Every once in awhile, it’s fun to see events going on back at home on social media, but one thing I’ve noticed is that I generally see the same things I saw last year. Last year, none of these habitual events would have seemed stagnant or uninteresting, but with all the incredibly new and special experiences I’ve had this year, they do. SYA has given me the confidence to carry out ambitious ideas that I would never have even thought of at home. It has given me the ease of walking to the café down the street from my house to say hi and order a coffee in Spanish from the baristas I see almost every day. It has allowed me to see the world in a greater sense than I had seen it back home, and this has helped me realize what is truly important to me, and focus on those things instead of driving myself crazy on something insignificant. It has helped me realize that my life can be so much more than what I thought it could be.

Without a doubt, I would tell anyone considering this program to just go for it. It’s everything I thought it would be, and a whole lot more. Yes, coming here does take away from normal junior or senior events at home, but the take-away definitely “vale la pena.”

Topics: why study abroad, high school study abroad, year-long immersion, SYA Spain, who are SYA students

Model UN Conference in Geneva | SYA France

Posted by Emily O'Leary on Tue, Feb 17, 2015

12 students from SYA France, all members of the Political Club and Global Issues class, recently attended the Model United Nations (MUN) Conference in Geneva, Switzerland. The trip was coordinated and led by Pascal Montéville, Political Science and International Relations Coordinator at SYA France. The Conference was a particularly important event for students at SYA France, because it is the only bilingual MUN conference in Europe (French and English). Read Briana H.'s blog post as she discusses her experience attending the conference. Check out Briana's entire blog here, The Cat in the Yellow Raincoat.

On Sunday the 11th, as was the case throughout the country, there was a march in Rennes in response to the terrorist attacks against Charlie Hebdo. In Rennes, 115,000 people joined together and marched in near silence, sometimes with bursts of applause, sometimes in singing the national anthem and in total over three million people took to the streets through France. I wished I could have been there, but on that same day, along with eleven classmates and our politics teacher, I departed for a Model United Nations conference in Geneva, Switzerland.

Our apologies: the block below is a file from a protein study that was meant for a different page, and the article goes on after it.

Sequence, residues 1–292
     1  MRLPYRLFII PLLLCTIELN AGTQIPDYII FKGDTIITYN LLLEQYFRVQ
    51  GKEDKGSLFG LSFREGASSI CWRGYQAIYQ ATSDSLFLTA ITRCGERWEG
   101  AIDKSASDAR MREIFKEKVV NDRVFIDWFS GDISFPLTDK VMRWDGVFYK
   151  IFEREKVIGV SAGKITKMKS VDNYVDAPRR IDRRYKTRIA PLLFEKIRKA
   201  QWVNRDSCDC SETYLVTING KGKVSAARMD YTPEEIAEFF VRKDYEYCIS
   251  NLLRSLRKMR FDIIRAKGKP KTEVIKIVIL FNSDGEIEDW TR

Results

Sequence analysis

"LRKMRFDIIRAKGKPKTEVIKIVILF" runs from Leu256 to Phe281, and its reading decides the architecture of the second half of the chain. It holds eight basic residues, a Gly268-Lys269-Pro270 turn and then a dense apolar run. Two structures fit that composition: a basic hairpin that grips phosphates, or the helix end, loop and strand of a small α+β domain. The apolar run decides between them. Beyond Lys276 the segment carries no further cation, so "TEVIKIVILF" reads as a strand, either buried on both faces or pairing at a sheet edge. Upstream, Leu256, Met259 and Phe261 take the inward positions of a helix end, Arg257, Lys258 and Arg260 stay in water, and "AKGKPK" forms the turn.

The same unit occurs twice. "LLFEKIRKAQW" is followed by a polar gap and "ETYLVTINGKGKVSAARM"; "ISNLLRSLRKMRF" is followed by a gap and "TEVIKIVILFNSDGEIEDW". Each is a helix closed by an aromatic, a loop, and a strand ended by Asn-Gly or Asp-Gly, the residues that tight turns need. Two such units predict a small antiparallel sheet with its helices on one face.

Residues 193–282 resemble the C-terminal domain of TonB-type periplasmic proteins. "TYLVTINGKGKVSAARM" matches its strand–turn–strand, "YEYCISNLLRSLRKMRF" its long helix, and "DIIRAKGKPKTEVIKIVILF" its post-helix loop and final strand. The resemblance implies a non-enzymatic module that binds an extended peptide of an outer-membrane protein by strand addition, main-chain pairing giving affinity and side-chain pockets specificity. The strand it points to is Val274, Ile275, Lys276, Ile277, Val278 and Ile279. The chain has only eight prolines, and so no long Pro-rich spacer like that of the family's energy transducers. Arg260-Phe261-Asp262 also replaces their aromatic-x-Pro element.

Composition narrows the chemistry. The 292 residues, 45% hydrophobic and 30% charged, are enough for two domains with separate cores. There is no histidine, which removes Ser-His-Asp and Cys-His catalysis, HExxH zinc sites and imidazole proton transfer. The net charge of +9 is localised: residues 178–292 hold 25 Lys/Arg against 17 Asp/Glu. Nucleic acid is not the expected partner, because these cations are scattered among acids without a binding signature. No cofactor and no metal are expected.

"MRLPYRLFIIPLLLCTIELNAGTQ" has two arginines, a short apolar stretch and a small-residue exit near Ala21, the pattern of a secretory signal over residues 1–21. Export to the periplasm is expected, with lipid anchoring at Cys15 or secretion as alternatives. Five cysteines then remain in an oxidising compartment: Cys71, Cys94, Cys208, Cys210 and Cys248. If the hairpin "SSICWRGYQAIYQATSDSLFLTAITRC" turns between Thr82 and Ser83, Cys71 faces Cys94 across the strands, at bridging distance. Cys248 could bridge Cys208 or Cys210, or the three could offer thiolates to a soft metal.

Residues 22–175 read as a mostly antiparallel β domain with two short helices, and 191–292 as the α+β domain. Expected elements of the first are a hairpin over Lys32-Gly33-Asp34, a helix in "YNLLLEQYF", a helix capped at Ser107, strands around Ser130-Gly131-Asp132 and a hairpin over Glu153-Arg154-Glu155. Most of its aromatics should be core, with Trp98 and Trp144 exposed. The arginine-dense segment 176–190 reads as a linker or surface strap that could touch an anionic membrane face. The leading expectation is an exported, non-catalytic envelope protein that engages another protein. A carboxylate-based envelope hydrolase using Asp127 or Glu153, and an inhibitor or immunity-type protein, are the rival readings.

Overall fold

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Model United Nations (MUN) is when students model the real United Nations by debating in committees, representing a country, and try to find a solution to real world problems. For however long the conference is, they act as real delegates and work to compromise, while keeping true to their country's beliefs and policies. I was representing Lithuania at this conference while debating the independence of Kosovo and Palestine.

I got the chance to attend the conference because I participate in after school politics club, who is this year focusingModelUN1 on the subject of illegal immigration in Europe. However, there is not the chance to go to a conference every year, as it depends on the students, standardized testing dates and the feasibility of the trip. This conference was especially unique because it was bilingual- French and English. It meant that knowing both languages gave us a huge advantage in understanding what was going on at any given moment, seeing as the other students spoke in either of the two languages.

The conference lasted three days. The first day included an opening ceremony, the same at all conferences, but this one had the unique factor that it was inside the actual United Nations headquarters in Geneva. As I put in the caption under the first picture, we were in the Human Rights and Alliance of Civilizations Room, a hall that is really used for UN debates. We sat in the real chairs of the delegates and listened to simultaneous translations of the conference in either French or English. Throughout the ceremony tour groups were observing us, appearing for a few minutes at a time on the glass enclosed hall above the room. It really made one feel like an important delegate, especially when they took pictures.